analyst should determine the impact on data usability before proceeding with reanalysis, and may proceed with the
approval of the Laboratory Supervisor. If the calibration verification is not acceptable, inspect the GC system to
determine the cause and perform whatever maintenance, if necessary, before recalibrating and proceeding with sample
analysis.

Percent Difference = (R1 - R2) 鱎1 x 100

where:
R1 = Calibration Factor from first analysis.
R2 = Calibration Factor from succeeding analyses.

9.2 Sample Preparation:

9.2.1 Water Samples: Set the GC conditions: Adjust the purge gas flow rate (helium), on the purge-and-trap device.
Optimize the flow rate to provide the best response for chloromethane and bromoform, if these compounds are analytes.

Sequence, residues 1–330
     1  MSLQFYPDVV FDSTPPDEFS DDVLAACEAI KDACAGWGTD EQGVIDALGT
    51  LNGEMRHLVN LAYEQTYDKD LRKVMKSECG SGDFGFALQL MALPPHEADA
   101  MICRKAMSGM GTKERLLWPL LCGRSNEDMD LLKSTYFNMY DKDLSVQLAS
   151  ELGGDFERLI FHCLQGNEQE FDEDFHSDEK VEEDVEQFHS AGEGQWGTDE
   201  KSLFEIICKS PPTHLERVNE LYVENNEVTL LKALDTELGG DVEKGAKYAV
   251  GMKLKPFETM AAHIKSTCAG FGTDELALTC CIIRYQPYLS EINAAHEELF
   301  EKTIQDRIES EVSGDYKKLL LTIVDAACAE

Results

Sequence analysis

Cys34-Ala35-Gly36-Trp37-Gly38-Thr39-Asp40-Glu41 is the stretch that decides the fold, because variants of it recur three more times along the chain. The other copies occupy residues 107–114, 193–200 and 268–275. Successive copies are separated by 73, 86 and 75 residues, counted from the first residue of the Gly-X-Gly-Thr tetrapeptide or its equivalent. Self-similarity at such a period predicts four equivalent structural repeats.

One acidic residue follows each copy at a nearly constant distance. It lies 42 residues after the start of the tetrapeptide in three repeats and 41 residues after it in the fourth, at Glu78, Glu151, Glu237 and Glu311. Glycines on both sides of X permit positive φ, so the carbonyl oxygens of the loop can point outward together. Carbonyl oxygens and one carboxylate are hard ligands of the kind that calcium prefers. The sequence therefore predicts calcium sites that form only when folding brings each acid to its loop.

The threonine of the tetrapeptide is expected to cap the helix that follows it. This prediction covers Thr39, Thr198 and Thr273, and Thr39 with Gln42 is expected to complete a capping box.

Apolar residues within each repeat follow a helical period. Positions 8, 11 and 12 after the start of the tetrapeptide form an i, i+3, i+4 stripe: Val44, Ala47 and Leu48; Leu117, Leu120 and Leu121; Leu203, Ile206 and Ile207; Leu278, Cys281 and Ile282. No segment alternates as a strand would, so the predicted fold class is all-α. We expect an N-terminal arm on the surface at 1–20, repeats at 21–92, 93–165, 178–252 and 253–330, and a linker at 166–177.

Excessive flow rate reduces chloromethane response, whereas insufficient flow reduces bromoform response. Calibrate
the instrument. All calibration criteria must be met before analyzing samples.

Prepare the Standards and Samples: Remove the plunger from a 5-mL syringe and attach a closed syringe valve. Open
the sample bottle, which has been allowed to come to ambient temperature, and carefully pour the sample into the syringe
barrel to just short of overflowing. Replace the syringe plunger and compress the sample. Open the syringe valve and
vent any residual air while adjusting the sample volume to 5.0 mL. This process of taking an aliquot destroys the validity
of the liquid sample for future analysis; therefore, if there is only one VOA vial, the analyst should fill a 20-mL VOA vial
(with no headspace) after taking sample aliquot to protect against possible loss of sample integrity. This second sample
is maintained only until such time when the analyst has determined that the first sample has been analyzed properly. If